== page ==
Posts tagged mathchat
Posts tagged mathchat
Last week a 20 page document was issued from the Common Core Math standards writers to make “more clearly visible” where materials faithfully reflect both the letter and spirit of the math standards… I read in this… just because it SAYS it is common core math aligned, doesn’t mean it is. Read this before buying and tread with caution.
A nice round up of some incredible math teachers. If you’re a math teacher, you’ll want to go to these sites and click on the RSS button and add it to your Google Reader.
If you don’t have a google reader go to reader.google.com and just paste in the links to each of these blogs and it will put them into the reader for you. Then, when new articles are posted on the blogs, your reader will put them together in a magazine like format using the RSS (really simple subscription) technology.
Go for it.
Larry Ferlazzo writes what may be one of the most important POSTS I’ve read all year. I like Larry’s balanced approach to education, and this post is one more reason why. Memorizing may give you a temporary bump in test scores but it is a long term recipe for disaster - aren’t we seeing that now? If you want to understand more, read Larry’s post and if you’re really interested, pay for the research study behind it which studied 3500 German students over 5 years about their work in math. Larry says
“A quick summary is that, though extrinsic motivation and “surface learning” (such as memorization) might result in short-term gains in assessments, they actually hurt long-term (five-year) academic growth. The development of student intrinsic motivation, “deep learning strategies” (requiring “elaboration” and connections to other knowledge — I think that might correspond to the idea of “transfer”), and students feeling that they had more of a sense of control (though this last quality had a less consistent effect — it seemed to depend on grade level) of their learning were the main ingredients necessary for increased academic growth…”
A fun math game for elementary teachers to share with their kids in grades 1-5. Math Facts and santa - great for finishing up the year.
Remember that you can have fun and teach — don’t waste time before you get out of school, use it to reinforce and have fun!
Calling all math teachers - take a few minutes to evaluate your math textbook and get a $10 gift card for Amazon and start your summer reading early.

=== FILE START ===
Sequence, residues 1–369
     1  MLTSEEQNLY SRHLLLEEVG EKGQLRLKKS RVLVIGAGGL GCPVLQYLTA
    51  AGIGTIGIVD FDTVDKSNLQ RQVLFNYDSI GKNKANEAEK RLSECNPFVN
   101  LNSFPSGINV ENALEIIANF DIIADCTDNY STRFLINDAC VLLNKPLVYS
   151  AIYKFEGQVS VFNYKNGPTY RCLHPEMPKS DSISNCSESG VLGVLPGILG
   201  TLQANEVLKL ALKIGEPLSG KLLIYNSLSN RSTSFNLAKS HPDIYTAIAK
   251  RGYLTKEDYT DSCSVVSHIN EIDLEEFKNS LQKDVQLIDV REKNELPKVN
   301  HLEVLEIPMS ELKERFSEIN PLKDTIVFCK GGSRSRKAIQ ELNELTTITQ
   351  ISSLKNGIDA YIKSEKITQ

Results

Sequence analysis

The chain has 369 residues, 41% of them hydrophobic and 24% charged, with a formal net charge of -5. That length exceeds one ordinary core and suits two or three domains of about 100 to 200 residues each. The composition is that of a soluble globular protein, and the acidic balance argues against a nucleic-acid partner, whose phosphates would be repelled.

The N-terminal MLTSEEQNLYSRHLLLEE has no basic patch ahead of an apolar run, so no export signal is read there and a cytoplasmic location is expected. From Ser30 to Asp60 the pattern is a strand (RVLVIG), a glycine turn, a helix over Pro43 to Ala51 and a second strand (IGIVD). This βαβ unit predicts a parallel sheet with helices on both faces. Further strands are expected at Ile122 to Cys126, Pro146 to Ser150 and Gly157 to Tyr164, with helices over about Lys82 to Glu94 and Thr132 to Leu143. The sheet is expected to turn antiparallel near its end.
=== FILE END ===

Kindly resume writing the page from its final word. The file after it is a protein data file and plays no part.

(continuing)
I really like the idea of aggregating feedback from teachers in a way that protect’s a teacher’s identity. It is time to crowdsource teacher feedback and I think it would need to be a neutral third party.This provides a benefit to teachers, educators, and even to publishers.
(Eventually, it sure would be nice to teachersource feedback on standardized tests - most teachers don’t mind accountability but it is being accountable for the right things.)
(Full disclosure: I really like what this company Classroom Window is doing and how they want to aggregate teacher opinions into something that can make a difference and am in negotiations to have a (very small) stake in this company. As always I follow the blogger’s code of ethics and my own and let you know if there is any other influence that you should be aware of. Also, however, note that I never work with anyone that I wouldn’t recommend whether I was officially “working” with them or not.)
This question peeked your curiosity didn’t it? It is an example of a great way to start a lesson, with a question. In this example Geometry lesson plan, the teacher asks if giants can really exist. The investigation uses volume and surface area as well as ration and weight. There are some films referenced as well.
By having a powerful question, relation to pop culture (like films) and encouraging students to seek answers, you can have a powerful experience.
Think how this can be used in other subjects and in other ways. Can you design or share your inquiry based lesson?
We need some alternatives to Khan Academy for many reasons. Here are some free tutorials for teachers and students on just about every kind of math imaginable.